Bridge Collapse

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Bridge Collapse

Postby WalkerARCHITECTS » Fri May 24, 2013 1:46 pm

MOUNT VERNON, Wash. (AP) — I travel on this highway every week and cross this bridge. yesterday the bridge collapsed, a catastrophic failure, where good fortune alone prevented deaths.

Dan Sligh and his wife were in their pickup truck on Interstate 5 heading to a camping trip when a bridge before them disappeared in a "big puff of dust."

"I hit the brakes and we went off," Sligh told reporters from a hospital, adding he "saw the water approaching ... you hold on as tight as you can."

That they survived, is a miraculous event, that must largely be contributed to a vehicle that was well designed.

Sligh, his wife and another man in a different vehicle were dumped into the chilly waters of the Skagit River when the span collapsed Thursday evening. They were injured, but miraculously, authorities said it appeared nobody was killed in the bridge failure that raised the question about the safety of aging spans and cut off the main route between Seattle and Canada.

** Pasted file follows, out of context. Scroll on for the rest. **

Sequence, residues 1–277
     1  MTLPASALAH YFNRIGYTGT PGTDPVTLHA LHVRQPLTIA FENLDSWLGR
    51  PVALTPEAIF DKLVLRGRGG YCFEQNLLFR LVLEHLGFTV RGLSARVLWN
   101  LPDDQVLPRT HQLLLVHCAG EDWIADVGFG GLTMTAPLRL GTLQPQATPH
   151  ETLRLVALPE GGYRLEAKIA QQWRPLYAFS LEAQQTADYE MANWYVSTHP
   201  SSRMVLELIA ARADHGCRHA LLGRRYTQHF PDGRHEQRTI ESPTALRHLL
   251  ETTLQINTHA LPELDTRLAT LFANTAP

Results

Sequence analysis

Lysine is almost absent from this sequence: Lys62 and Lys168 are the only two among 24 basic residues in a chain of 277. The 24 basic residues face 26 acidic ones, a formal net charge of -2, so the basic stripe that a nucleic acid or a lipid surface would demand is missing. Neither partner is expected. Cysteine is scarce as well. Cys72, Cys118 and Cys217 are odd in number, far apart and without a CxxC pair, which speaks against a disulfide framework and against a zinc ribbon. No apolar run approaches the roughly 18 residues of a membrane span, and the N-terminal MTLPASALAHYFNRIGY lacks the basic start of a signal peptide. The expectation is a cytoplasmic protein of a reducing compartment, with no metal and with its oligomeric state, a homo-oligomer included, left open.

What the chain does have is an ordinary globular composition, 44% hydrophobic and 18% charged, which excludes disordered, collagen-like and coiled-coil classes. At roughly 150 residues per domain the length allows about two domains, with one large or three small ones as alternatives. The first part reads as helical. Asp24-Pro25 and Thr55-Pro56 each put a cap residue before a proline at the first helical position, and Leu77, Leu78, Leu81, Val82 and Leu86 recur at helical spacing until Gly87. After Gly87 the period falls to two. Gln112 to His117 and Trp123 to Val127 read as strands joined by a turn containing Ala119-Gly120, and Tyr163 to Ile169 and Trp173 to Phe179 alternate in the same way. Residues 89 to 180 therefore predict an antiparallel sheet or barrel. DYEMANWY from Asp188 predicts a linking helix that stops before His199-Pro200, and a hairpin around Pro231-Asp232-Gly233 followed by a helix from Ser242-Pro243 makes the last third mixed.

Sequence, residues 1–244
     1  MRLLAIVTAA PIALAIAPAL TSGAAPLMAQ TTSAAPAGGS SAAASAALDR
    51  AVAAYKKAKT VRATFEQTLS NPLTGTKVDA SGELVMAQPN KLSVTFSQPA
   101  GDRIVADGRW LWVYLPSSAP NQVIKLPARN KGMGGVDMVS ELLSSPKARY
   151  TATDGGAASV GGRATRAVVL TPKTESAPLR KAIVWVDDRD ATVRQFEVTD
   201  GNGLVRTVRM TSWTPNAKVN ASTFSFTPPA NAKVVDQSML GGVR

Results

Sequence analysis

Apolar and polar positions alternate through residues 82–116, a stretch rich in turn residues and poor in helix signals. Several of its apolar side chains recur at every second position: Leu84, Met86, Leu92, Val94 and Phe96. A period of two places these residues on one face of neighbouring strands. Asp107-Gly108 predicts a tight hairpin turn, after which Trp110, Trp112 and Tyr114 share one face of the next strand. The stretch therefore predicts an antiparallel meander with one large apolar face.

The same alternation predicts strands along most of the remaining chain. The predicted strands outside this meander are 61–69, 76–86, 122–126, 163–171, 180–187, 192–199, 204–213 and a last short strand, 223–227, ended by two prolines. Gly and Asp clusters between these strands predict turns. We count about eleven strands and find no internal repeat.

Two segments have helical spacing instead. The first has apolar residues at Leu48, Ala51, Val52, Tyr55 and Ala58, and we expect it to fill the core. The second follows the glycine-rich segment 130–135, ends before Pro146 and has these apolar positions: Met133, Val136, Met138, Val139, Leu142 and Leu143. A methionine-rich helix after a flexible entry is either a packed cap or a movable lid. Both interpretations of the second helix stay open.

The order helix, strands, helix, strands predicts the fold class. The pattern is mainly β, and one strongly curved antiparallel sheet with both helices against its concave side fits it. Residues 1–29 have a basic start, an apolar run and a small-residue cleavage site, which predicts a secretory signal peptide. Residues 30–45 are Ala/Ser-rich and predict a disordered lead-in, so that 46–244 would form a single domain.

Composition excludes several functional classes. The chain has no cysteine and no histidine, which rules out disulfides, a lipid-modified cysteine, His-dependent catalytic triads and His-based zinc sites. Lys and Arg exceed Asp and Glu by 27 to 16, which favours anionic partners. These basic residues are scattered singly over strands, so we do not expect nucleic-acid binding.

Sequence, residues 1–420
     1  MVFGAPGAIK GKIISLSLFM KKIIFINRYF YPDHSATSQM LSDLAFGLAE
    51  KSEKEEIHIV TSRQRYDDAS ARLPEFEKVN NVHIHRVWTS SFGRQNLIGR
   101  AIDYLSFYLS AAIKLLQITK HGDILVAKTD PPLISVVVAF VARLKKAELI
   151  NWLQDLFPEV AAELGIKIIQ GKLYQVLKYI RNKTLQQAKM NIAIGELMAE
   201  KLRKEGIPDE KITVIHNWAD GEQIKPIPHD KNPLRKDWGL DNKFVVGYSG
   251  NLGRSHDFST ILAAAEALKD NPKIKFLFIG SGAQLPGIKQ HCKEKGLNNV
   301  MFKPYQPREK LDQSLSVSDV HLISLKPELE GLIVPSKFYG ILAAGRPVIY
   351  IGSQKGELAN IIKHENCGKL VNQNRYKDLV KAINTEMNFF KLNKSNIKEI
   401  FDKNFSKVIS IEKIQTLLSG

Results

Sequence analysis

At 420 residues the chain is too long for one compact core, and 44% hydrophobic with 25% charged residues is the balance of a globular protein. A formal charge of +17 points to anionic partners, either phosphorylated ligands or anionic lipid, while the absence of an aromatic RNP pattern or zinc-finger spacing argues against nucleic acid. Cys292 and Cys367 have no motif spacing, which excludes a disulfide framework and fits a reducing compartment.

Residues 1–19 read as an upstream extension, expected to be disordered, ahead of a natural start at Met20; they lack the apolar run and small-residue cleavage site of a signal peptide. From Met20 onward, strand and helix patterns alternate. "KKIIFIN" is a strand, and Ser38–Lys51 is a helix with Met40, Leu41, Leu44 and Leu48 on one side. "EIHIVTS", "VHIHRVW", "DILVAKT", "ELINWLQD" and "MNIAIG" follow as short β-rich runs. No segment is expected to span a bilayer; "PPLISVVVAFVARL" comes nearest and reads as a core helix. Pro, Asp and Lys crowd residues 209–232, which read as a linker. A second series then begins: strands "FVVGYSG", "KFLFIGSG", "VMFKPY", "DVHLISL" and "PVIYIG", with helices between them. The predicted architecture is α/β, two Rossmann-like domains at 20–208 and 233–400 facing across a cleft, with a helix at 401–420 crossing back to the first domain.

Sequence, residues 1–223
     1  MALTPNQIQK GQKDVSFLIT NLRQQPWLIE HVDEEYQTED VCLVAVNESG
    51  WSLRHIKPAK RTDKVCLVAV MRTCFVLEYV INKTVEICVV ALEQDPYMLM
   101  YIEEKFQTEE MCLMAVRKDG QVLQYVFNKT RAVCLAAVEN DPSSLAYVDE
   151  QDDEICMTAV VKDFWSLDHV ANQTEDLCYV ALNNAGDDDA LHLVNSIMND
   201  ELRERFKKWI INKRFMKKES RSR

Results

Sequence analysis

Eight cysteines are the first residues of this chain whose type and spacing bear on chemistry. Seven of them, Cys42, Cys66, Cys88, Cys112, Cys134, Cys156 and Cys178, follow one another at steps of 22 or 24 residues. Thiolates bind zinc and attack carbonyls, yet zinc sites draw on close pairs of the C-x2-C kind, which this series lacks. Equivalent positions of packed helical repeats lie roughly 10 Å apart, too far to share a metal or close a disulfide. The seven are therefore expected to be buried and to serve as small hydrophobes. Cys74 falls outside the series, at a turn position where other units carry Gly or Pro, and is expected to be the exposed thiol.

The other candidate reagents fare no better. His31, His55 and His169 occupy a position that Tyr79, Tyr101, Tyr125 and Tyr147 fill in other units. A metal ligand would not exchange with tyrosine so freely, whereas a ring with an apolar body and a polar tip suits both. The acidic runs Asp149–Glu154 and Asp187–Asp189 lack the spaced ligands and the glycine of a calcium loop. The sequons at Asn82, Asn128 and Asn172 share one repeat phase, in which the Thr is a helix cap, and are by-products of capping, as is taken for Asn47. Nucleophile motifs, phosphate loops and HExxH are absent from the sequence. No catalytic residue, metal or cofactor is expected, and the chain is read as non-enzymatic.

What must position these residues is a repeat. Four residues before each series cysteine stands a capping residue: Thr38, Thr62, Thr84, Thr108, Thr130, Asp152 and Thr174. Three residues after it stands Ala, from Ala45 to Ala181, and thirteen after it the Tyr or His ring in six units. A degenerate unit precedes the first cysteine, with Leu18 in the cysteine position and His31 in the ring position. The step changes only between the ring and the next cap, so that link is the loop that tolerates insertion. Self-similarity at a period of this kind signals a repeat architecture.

This accident underscores the serious error of under funding the nations infrastructure. The sequester impacts the Nations and the Statea capacity to repair and sustain the nations infrastructure.

"We don't think anyone else went into the water," said Marcus Deyerin, a spokesman for the Northwest Washington Incident Management Team. "At this point we're optimistic."

Sligh and his wife were taken to Skagit Valley Hospital with non-life-threatening injuries. The other man was reported in stable condition at United General Hospital in Sedro-Woolley, hospital CEO Greg Reed said.

Authorities are trying to determine what caused the bridge to collapse about 60 miles north of Seattle in Skagit County. This bridge was designed and built in 1955 without redundant structural capacities that would have prevented a collapse. There is no criminal activity associated with the collapse of this bridge.

State Patrol detectives and the patrol's commercial vehicle enforcement bureau troopers spoke to a commercial truck driver whose rig struck the structure.

"We do have the truck driver who remained at the scene. We've had initial conversations with him to get an indication as to what occurred," said State Patrol Chief John Batiste.

Sligh said his shoulder was dislocated in the drop into the water, and he found himself "belly deep in water in the truck." He said he popped his shoulder back in and called out to his wife, who he described as being in shock initially as they waited for rescuers to arrive in boats.